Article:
## Your future: Antarctica, in detail

Climate and geophysical accuracy demands fine modeling grids, and very large supercomputers. The best and biggest supercomputers have not been available for climate work, until recently. Watch how results differ if fine meshes and big supercomputers are used. Why haven’t … Continue reading

Posted in Antarctica, Anthropocene, bridge to nowhere, climate, climate change, climate disruption, climate zombies, disingenuity, ecology, ensembles, forecasting, geophysics, global warming, Hyper Anthropocene, ignorance, IPCC, Lawrence Berkeley National Laboratory, LBNL, living shorelines, mathematics, mathematics education, maths, mesh models, meteorology, multivariate statistics, numerical software, optimization, physics, rationality, reasonableness, risk, science, science education, sea level rise, spatial statistics, state-space models, statistics, stochastic algorithms, stochastics, supercomputers, temporal myopia, the right to know, thermodynamics, time series, University of California Berkeley, WAIS
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## Solar installation progress, courtesy of MacSolarIndex.com

The MAC Solar Index tracks a set of solar manufacturing and installation companies. It is also the basis for the Guggenheim Investments “TAN” Exchange-Traded Fund (“ETF”, *). They recently published a progress report on global solar installations, which I wanted … Continue reading

Posted in adaptation, Anthropocene, carbon dioxide, citizen science, citizenship, civilization, clean disruption, climate, climate change, climate data, climate disruption, conservation, consumption, decentralized electric power generation, decentralized energy, demand-side solutions, destructive economic development, dynamic linear models, dynamical systems, ecology, economics, efficiency, energy, energy reduction, environment, exponential growth, forecasting, fossil fuel divestment, fossil fuels, geophysics, global warming, Hyper Anthropocene, investing, investment in wind and solar energy, mathematics, mathematics education, maths, meteorology, microgrids, open data, optimization, physics, politics, prediction, rationality, reasonableness, risk, science, science education, solar power, sustainability, the right to know, time series, Tony Seba, wind power, zero carbon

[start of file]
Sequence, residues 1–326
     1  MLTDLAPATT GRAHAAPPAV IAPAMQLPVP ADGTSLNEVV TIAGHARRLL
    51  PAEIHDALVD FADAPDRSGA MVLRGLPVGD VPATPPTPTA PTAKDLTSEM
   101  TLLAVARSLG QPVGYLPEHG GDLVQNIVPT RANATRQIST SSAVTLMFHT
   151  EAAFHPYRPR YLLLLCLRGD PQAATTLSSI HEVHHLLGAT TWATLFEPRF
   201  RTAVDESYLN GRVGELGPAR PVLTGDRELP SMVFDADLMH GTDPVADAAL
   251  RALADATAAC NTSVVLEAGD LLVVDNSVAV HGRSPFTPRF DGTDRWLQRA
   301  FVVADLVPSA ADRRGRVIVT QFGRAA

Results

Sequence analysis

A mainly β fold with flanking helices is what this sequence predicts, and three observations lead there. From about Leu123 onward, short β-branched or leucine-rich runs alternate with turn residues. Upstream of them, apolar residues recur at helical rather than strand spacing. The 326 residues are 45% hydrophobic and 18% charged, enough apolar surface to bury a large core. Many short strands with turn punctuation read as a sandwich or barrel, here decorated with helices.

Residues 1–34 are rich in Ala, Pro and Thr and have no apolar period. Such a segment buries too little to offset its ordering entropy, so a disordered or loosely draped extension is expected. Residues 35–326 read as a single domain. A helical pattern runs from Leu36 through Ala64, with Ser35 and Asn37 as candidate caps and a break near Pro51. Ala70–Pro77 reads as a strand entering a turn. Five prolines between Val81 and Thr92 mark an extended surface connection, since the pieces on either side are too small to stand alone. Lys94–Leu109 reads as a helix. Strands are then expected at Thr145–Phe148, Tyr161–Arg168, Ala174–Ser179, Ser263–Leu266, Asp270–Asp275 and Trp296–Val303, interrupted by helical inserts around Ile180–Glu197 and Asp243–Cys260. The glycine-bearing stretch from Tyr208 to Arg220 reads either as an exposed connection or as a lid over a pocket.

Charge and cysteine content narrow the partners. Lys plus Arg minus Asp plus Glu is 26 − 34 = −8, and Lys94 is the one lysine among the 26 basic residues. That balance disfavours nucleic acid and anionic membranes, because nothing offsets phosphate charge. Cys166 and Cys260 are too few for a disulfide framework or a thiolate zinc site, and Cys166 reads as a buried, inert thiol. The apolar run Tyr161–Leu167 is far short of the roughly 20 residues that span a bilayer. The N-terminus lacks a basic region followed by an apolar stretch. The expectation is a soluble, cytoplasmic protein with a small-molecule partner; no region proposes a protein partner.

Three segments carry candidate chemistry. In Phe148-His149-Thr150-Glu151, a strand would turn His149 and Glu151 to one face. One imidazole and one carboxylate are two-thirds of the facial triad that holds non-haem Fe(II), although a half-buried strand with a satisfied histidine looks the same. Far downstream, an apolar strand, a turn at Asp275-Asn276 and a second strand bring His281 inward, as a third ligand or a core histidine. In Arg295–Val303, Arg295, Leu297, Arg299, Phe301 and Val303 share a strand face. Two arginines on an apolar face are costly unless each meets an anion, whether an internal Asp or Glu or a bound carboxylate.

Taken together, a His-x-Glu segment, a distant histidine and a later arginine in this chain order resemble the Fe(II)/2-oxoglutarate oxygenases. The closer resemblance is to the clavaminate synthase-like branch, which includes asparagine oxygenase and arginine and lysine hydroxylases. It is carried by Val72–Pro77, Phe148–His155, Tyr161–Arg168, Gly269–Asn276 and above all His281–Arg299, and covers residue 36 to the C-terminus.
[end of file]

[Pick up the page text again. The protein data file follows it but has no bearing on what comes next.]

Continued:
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## CO2 experiment: fooling with Earth

Professor Richard D Schwartz wrote, in 2012, a nice article succinctly summarizing the scientific basis for climate change and global warming. Called “An astrophysicist looks at global warming”, he pithily summarized: “Greenhouse gas” warming occurs because the collisional de-excitation time … Continue reading

Posted in Anthropocene, astrophysics, bifurcations, bridge to nowhere, carbon dioxide, chance, citizenship, civilization, climate, climate change, climate disruption, climate education, dynamical systems, ecology, environment, forecasting, fossil fuels, games of chance, geophysics, global warming, ignorance, mathematics, mathematics education, maths, meteorology, oceanography, physics, Principles of Planetary Climate, rationality, Ray Pierrehumbert, reasonableness, science, science education, temporal myopia, the right to know
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## Thank You

Originally posted on Open Mind:

To all the readers who make this blog worth writing: Thank you. Thank you for sharing my work. One of the things that makes me proud is that often my blog posts are used as…

Posted in astrophysics, citizen science, climate change, climate data, climate disruption, climate education, climate models, differential equations, dynamical systems, ecology, ensembles, forecasting, games of chance, geophysics, global warming, hiatus, Hyper Anthropocene, IPCC, mathematics, mathematics education, maths, meteorology, model comparison, new forms of scientific peer review, open data, open source scientific software, physics, probabilistic programming, probability, rationality, reasonableness, reproducible research, risk, science, science education, spatial statistics, statistics, Tamino, the right to know, time series, transparency
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## Desperate for a “Pause”

Originally posted on Open Mind:

When it comes to temperature at Earth’s surface, with 2014 the hottest year on record and 2015 on pace to exceed even that, things are getting hot for those who deny that global warming is…

Posted in climate, climate change, climate disruption, climate education, climate models, climate zombies, environment, geophysics, global warming, hiatus, mathematics, mathematics education, maths, meteorology, obfuscating data, open data, physics, rationality, reasonableness, reproducible research, science, science education, statistics, time series, Uncategorized
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## Why decentralized electrical power has to win, no matter what Elon Musk says, and utilities are doomed

Posted in bridge to nowhere, carbon dioxide, Carbon Tax, citizenship, clean disruption, climate, climate change, climate disruption, climate education, compassion, conservation, consumption, decentralized electric power generation, decentralized energy, demand-side solutions, diffusion processes, dynamical systems, ecology, economics, efficiency, energy, energy reduction, engineering, environment, ethics, exponential growth, forecasting, fossil fuel divestment, geophysics, global warming, investing, investment in wind and solar energy, living shorelines, mass transit, mathematics education, maths, meteorology, microgrids, natural gas, NCAR, NOAA, nor'easters, obfuscating data, oceanography, open data, optimization, physics, politics, population biology, Principles of Planetary Climate, rationality, Ray Pierrehumbert, reasonableness, reproducible research, risk, science, science education, scientific publishing, Scripps Institution of Oceanography, solar power, state-space models, statistics, temporal myopia, testing, the right to know, time series, wind power, zero carbon